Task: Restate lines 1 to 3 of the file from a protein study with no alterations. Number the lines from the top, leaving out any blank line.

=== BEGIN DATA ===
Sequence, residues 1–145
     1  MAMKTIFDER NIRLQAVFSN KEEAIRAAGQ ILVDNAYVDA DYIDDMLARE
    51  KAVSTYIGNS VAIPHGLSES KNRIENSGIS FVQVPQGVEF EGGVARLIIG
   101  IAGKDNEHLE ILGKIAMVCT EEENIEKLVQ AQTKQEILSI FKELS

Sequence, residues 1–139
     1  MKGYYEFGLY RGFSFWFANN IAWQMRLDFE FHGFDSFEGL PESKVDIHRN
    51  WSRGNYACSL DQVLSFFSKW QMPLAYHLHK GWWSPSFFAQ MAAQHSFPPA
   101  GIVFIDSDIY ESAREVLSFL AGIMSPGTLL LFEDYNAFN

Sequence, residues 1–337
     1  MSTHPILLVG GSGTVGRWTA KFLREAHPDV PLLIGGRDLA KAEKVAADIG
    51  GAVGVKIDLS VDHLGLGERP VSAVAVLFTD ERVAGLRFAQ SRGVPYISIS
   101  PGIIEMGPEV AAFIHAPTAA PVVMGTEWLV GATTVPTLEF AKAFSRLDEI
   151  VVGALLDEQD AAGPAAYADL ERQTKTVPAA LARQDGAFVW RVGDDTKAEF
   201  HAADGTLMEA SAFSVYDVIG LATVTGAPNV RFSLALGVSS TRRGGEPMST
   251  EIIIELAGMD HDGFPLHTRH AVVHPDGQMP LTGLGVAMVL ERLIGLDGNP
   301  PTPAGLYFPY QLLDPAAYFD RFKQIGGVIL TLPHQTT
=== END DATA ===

Sequence, residues 1–145
     1  MAMKTIFDER NIRLQAVFSN KEEAIRAAGQ ILVDNAYVDA DYIDDMLARE
    51  KAVSTYIGNS VAIPHGLSES KNRIENSGIS FVQVPQGVEF EGGVARLIIG